Engels and the Second Foundation of Marxism

John Bellamy Foster

Explorations of the dialectics of nature by Frederick Engels along with Marxian contributions to natural science were commonly treated in the Western Marxist philosophical tradition as if they simply did not exist. The natural-physical world was seen within the dominant view of Marxism in the West as outside the domain of historical materialism. The realm of biophysical existence was thus ceded to a natural science that was viewed as inherently positivist in orientation. This was so much the case that, with the rise of the environmental movement in the 1960s, it never occurred to those on the left who wrongly charged that Marxism had contributed little or nothing to the development of ecological analysis, to look beyond the social sciences to socialist contributions in the natural sciences, out of which today’s systems ecology arose. The irony was that not only had socialism engaged with the natural environment, but it had, in fact, from the very beginning played a pivotal role in the development of a critical ecology within science and materialist philosophy.

To be sure, the classical Marxism of Karl Marx and Engels in the mid-nineteenth century had its origin in the critique of social science. As Engels wrote, “classical political economy” was “the social science of the bourgeoisie” and, as such, the enemy of socialism3 Marx’s critique of classical political economy was aimed at uncovering the “hidden abode” of class-based exploitation and expropriation on which the capitalist mode of production was based. It was this critique, therefore, that constituted the initial foundation of Marxism. But from the first, the materialist conception of history in critical social science was inextricably tied to the materialist conception of nature in natural science. No coherent critique of political economy was possible without exploring the actual biophysical conditions of production associated with what Marx called the “universal metabolism of nature.”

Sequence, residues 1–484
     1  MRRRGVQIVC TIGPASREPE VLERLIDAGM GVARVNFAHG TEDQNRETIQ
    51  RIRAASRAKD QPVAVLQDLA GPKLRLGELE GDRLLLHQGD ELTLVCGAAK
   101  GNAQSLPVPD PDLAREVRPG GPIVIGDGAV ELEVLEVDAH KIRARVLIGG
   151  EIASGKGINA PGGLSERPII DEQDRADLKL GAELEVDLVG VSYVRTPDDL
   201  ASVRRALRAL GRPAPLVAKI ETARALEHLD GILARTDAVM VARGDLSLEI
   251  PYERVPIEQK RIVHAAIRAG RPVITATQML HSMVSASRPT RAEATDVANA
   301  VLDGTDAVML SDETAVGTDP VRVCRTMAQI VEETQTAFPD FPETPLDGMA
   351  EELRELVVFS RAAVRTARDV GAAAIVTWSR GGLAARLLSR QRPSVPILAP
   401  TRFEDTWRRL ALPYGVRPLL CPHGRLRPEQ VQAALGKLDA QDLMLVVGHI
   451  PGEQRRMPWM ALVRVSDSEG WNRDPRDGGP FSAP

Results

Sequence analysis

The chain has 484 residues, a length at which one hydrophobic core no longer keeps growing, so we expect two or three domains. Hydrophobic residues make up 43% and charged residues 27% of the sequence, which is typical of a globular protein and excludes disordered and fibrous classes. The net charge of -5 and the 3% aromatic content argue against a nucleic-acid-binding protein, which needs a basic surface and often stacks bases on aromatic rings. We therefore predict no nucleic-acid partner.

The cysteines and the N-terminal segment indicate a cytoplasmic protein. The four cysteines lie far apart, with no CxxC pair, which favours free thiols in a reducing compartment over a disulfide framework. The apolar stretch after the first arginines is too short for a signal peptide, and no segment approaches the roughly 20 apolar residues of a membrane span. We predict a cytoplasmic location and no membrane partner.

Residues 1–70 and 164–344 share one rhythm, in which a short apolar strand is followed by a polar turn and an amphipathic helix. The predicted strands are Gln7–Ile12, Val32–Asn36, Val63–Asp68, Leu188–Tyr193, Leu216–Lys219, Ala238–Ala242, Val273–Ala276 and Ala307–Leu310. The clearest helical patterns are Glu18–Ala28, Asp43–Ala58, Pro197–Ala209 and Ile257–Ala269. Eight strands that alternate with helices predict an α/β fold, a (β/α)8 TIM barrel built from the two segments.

Human beings themselves were seen by Marx as corporeal beings, and thus objective beings, with their objects outside of themselves. There was, then, in the end, only a “single science” looked at “from two sides,” those of natural history and human history. It was necessary, therefore, to go beyond philosophy and social science to engage in the critique of bourgeois natural science as well. Indeed, as a theoretical method, the philosophy of praxis could not be confined to the realm of social sciences and humanities, that is, it could not be divorced from natural science, without undermining its overall critique.

The fact that natural science and social science, nature and society, are bound inextricably together in any attempt to confront the current mode of production and its consequences is dramatically demonstrated to us today by the current Anthropocene Epoch of geological history, in which capitalism is generating an “anthropogenic rift” in the biogeochemical cycles of the Earth System, endangering humanity along with innumerable other species. In these circumstances, the role of Marxian ecology in understanding our current environmental predicament is of crucial importance. It is here that the second foundation of Marxian theory within materialist philosophy and natural science proves to be indispensable to the development of a revolutionary praxis.


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